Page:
Boeing says it is working on a software upgrade for the planes involved, but it may not be available until April, and so until then, millions of dollars' worth of aviation assets will be out of service. But that's better than having another 737 crash on take-off.
It is too soon to draw definite conclusions about the causes of these crashes. That has to wait for the analyses of black-box records and other pertinent data. But investigators have already found that the horizontal stabilizer in the Ethiopian plane was set to push the nose down, which is not something you normally do on take-off. And the fact that the MCAS can be triggered by only one AOA sensor is enough reason to take measures such as grounding planes until a remedy can be developed and installed.
Planes are designed by people who work in organizations, and successful designs of safe planes emerge from an exceedingly complex process involving thousands of designers, technicians, supervisors, inspectors, regulators, and other interested parties. Successful companies manage to evolve with new young staff replacing retired engineers and managers while maintaining the core principles and knowledge that is essential to making planes safe. And one of those core principles, so easy to understand that even I get it, is to avoid single-point-failure situations whenever possible by installing backup systems and procedures.
If what the Times reported is true, someone dropped the ball with regard to the MCAS system's behaviour in response to only one erroneous sensor. It could take months or years to figure out how this design error happened. But the lesson is one that has to be learned if Boeing is to recover from this sequence of disasters, which it probably will.
It's also possible that the accidents involved pilot error in combination with a misbehaving MCAS. If the pilots didn't know that the MCAS was even installed, or were unfamiliar with what flying the plane with an activated MCAS is like, their actions with regard to it may have contributed to the crashes. Part of the problem here is that the MCAS rarely activates under typical flight conditions. Perhaps there is something about the meteorological conditions at the two airports involved which gave rise to a single AOA sensor error that persisted long enough to cause the accidents.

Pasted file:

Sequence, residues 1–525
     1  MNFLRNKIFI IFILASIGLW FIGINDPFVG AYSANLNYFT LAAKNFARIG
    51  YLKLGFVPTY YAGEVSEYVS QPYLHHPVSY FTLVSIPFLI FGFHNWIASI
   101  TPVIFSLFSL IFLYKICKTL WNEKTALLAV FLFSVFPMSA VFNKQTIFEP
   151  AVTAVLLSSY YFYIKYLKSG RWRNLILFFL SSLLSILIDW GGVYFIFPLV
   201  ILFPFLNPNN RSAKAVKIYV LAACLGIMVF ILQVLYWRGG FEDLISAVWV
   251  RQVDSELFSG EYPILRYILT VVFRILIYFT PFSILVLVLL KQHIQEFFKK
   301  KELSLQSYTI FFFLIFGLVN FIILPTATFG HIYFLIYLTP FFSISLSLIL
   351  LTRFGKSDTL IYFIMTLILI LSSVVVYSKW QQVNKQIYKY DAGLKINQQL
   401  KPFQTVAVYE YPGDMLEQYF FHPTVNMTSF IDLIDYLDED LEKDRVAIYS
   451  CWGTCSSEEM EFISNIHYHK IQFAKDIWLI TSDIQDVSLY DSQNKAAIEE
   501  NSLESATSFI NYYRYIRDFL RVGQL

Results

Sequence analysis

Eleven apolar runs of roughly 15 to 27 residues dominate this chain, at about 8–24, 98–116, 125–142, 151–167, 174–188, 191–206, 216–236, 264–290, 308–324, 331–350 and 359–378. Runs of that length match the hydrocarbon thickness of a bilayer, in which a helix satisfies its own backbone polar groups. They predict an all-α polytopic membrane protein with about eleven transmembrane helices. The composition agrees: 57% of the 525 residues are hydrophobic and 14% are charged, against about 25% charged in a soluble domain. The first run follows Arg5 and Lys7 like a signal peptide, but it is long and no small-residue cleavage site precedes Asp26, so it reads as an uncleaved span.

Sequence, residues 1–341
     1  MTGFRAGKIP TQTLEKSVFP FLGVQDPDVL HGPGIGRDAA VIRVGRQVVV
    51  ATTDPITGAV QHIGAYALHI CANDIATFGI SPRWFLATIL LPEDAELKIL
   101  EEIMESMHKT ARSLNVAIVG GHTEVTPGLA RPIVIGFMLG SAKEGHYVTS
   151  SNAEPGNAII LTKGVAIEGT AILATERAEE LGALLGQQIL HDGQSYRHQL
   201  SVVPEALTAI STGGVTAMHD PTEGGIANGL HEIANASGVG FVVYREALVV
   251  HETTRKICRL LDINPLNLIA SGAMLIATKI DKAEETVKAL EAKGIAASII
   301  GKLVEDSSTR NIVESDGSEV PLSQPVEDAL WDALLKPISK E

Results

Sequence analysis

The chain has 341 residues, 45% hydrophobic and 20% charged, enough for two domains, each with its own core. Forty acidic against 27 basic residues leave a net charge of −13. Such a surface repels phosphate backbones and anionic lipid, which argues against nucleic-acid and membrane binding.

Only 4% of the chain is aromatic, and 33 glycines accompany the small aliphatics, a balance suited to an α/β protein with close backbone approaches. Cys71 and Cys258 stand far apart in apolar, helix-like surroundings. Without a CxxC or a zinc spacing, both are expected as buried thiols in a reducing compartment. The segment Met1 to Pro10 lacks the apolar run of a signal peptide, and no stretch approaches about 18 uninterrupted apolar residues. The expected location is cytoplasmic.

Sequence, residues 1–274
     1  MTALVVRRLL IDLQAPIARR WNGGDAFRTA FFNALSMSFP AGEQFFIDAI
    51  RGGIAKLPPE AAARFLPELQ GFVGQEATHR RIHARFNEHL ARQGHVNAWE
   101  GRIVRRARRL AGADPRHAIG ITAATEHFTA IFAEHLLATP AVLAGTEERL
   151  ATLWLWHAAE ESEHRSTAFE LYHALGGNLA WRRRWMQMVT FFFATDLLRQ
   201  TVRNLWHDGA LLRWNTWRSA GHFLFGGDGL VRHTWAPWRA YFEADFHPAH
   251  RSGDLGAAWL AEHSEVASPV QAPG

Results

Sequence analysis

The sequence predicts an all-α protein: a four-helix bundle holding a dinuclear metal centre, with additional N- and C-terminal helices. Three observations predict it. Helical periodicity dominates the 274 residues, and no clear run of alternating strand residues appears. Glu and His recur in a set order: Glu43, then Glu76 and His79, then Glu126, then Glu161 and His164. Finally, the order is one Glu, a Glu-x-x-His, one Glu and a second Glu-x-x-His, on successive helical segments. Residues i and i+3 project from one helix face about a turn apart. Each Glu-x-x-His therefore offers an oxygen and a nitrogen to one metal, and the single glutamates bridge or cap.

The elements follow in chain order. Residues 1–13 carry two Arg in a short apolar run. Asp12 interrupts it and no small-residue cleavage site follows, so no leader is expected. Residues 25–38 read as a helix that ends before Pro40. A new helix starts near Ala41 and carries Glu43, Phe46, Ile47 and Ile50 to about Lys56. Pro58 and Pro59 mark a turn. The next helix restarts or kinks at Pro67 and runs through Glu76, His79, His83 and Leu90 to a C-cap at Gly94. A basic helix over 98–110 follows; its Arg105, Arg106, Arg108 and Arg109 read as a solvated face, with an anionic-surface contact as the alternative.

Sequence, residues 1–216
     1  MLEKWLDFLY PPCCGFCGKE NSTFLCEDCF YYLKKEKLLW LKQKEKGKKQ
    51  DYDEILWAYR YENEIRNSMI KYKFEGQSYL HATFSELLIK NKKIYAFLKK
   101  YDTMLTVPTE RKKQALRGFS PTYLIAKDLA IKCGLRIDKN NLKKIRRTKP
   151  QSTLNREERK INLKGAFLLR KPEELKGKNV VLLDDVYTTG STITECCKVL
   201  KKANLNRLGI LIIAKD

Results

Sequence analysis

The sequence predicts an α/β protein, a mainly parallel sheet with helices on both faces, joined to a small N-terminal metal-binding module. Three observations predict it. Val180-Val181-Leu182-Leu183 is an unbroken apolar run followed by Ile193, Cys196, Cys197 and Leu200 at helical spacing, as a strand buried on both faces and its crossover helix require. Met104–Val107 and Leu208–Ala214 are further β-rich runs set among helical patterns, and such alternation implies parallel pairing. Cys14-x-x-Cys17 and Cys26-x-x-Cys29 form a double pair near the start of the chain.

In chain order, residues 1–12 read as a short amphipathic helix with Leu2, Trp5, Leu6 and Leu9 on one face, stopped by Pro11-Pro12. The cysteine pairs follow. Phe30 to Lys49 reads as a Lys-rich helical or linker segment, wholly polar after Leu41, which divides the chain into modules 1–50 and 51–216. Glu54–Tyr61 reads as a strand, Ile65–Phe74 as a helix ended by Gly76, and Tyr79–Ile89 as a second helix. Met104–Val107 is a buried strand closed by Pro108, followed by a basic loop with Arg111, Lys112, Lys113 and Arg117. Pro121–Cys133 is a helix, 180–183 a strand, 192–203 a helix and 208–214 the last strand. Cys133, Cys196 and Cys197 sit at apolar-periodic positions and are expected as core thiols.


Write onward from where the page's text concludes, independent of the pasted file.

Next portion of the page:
These and other speculations will have to await the full accident reports, which may not be available for months. But in the absence of more knowledge, grounding the 737 Max 8 and 9 planes until the single-point-failure problem with MCAS can be addressed and demonstrated to be fixed is the wisest course.
Karl D. Stephan is a professor of electrical engineering at Texas State University in San Marcos, Texas. This article has been republished, with permission, from his blog Engineering Ethics, which is a MercatorNet partner site. His ebook Ethical and Otherwise: Engineering In the Headlines is available in Kindle format and also in the iTunes store.